Agricultural modernisation key to driving financial inclusion in Uganda

In Summary

June 27, 2018 – A structural transformation of the economy that puts more money into the […]

CottonJune 27, 2018 – A structural transformation of the economy that puts more money into the pockets of rural dwellers may be the silver bullet to achieving meaningful financial inclusion argues Bank of Uganda Deputy Governor Louise Kasekende.

Giving the keynote address during the launch of the launch of the FINSCOPE 2018 Report today, Mr. Kasekende observed that poverty with the attendant insecure and irregular income streams were key drivers of financial exclusion.

“Whatever innovations financial institutions can develop to lower the cost of delivering services to such customers, this segment of the market will remain of marginal viability until there is major structural change in the real sectors of the economy, such as the modernisation of agriculture, which can provide the population with higher and more secure sources of income,” he said.

Financial inclusion in Uganda more than doubled between 2006 and 2018 rising from 28pc to 58pc of the population that have access to formal financial services. Another 20pc have access to informal financial services. According to the Finscope 2018 report by Financial Sector Deepening Uganda, overall, the population of Ugandan adults (16 years and older) stands at 18.6 million with 78pc of these having access to some form of financial service from formal or informal intermediaries.

However, formal sector financial inclusion is dominated by the use of Mobile Money, which provides only a limited range of financial services, largely payments and the opportunity to save money on the mobile phone. Only 11pc of the adult population use a commercial bank or micro deposit taking financial institution while only 3pc of the adults borrow money from a commercial bank.

Presenting the report at the Kampala Serena Hotel, Yakini Development Consulting Managing Director Irma Grundling said, the main barriers to the uptake of formal services are mostly demand-side driven in nature.

“Supply side barriers include proximity to commercial banks, unavailability of SACCO services within the residential community and insurance services perceived to be unaffordable. This is the key driver of the uptake of informal financial services. Fifty-seven percent of Uganda’s adult population lives in the rural areas where informal financial services are driven by savings groups.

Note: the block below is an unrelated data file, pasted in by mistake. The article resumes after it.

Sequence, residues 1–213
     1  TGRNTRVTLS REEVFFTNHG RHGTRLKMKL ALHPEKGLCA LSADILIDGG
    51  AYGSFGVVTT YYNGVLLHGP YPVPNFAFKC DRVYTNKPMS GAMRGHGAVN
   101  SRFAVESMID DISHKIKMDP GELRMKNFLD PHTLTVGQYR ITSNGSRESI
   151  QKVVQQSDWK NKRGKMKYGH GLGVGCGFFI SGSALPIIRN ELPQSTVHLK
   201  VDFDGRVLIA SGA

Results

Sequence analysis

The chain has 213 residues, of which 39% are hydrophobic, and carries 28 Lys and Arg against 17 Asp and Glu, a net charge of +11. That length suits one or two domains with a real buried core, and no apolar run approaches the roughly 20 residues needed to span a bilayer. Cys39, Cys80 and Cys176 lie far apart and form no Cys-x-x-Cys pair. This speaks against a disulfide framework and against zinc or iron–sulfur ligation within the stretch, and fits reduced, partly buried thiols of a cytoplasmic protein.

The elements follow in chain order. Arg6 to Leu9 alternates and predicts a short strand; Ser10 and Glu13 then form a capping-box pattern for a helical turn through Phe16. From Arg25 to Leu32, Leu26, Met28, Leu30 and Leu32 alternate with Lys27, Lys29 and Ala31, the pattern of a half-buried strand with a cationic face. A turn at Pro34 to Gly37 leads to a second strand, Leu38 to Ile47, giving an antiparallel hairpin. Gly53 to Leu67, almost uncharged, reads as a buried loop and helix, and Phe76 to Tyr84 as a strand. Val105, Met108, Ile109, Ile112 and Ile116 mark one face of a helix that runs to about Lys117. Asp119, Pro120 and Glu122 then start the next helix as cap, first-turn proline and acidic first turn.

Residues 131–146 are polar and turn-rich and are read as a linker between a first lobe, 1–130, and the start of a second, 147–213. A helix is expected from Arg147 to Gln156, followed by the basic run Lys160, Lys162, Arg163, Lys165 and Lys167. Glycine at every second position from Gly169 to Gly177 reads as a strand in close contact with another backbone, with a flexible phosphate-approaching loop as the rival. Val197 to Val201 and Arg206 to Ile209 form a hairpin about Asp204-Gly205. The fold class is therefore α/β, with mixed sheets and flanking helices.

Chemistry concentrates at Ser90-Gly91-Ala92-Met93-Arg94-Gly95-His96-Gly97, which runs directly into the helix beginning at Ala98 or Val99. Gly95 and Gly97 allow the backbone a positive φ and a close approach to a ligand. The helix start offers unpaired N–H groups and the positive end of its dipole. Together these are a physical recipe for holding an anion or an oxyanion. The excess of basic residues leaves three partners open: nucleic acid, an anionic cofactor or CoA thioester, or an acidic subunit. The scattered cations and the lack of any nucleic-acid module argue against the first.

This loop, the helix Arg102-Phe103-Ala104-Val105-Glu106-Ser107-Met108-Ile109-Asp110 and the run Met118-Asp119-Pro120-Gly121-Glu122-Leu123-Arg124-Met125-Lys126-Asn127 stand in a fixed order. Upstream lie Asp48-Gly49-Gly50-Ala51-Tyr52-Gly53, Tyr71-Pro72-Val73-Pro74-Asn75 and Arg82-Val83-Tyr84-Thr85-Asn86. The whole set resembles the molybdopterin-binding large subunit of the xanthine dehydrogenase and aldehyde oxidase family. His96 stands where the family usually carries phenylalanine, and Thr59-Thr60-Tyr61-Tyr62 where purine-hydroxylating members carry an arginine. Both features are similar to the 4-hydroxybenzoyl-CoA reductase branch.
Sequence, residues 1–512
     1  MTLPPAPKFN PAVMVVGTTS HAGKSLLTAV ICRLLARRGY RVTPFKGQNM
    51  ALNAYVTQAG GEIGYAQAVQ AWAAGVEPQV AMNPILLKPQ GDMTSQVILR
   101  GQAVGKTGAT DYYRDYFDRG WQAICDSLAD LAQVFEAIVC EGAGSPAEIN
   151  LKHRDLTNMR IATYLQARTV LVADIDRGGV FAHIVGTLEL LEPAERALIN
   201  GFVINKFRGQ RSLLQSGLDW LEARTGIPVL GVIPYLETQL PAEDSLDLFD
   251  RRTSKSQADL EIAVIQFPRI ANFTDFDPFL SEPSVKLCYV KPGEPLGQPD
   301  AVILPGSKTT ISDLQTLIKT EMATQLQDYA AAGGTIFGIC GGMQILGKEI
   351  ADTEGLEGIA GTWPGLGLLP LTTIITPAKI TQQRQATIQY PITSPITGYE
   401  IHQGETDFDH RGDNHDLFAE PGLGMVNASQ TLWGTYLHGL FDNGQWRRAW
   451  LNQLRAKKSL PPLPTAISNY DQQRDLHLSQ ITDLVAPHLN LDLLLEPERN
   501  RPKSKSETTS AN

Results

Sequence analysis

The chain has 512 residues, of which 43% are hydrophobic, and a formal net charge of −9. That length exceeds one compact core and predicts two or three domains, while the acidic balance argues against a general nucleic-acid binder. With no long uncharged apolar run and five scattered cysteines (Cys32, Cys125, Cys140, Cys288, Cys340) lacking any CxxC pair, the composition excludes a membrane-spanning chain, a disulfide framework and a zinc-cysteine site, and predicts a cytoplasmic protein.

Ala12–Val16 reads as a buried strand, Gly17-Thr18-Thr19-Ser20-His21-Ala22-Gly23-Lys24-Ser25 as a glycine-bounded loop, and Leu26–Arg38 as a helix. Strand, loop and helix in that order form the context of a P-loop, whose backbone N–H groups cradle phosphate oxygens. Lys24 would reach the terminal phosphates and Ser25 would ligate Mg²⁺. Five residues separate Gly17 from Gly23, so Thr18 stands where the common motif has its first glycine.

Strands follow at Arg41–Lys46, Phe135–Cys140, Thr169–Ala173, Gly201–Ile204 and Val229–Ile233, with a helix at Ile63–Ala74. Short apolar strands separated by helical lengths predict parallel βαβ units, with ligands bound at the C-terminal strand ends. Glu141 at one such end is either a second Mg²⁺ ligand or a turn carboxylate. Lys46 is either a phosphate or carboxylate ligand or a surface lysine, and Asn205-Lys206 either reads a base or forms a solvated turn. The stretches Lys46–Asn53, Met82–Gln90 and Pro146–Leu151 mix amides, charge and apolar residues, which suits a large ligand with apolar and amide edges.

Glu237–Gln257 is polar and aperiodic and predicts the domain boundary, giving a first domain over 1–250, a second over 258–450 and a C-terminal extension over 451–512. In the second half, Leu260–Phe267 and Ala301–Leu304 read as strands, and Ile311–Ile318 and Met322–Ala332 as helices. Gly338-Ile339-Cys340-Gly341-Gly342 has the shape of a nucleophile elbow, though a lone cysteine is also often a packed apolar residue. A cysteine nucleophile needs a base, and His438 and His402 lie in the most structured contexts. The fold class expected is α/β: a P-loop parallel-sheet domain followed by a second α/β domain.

Kasekende said the findings suggest that the focus of public policy should be to try and broaden the range of financial services to which the population has access. “This is particularly from the formal sector financial institutions which can offer a degree of prudential management and customer protection which is not available from the informal sector.”

But he was quick to add that the government cannot simply direct financial institutions to broaden access to their services to the financially excluded.

“The ‘command economy’ approach that ignores commercial realities such as directing extension of credit to priority sectors was attempted in the 1970s, with disastrous consequences for the banking sector and the economy as a whole. Realistically, the costs of serving low income customers in rural areas outweigh the very limited income streams that can be generated through the provision of these services to them. Consequently, broadening access to financial services is only likely to take place if financial institutions can develop innovative ways to reduce the cost of delivering the said services to low income customers or if the incomes of the financially excluded increase, so that they can afford to purchase more services,” he said.

He conceded that while it was true that small scale borrowers often pay high rates of interest for loans from banks or microfinance institutions, these lending rates reflect the real costs incurred by the financial institutions, especially the transactions costs of serving small scale borrowers.

“In a market economy, the main channel through which public policy can influence economic decisions by the private sector is through the incentive structure emanating from regulation and taxation as well as the provision of public services which are complementary to private sector business. With regard to regulation, the amendments to the Financial Institutions Act 2016 allow banks to engage in agent banking. This will facilitate banks to deliver services in locations where it is not commercially viable to establish a conventional bank branch. In addition, financial literacy campaigns as well as provision of information, such as that contained in the Finscope Report, is also a public service which can help the private sector to develop business strategies to expand the market for its services,” Kasekende concluded.


Related Posts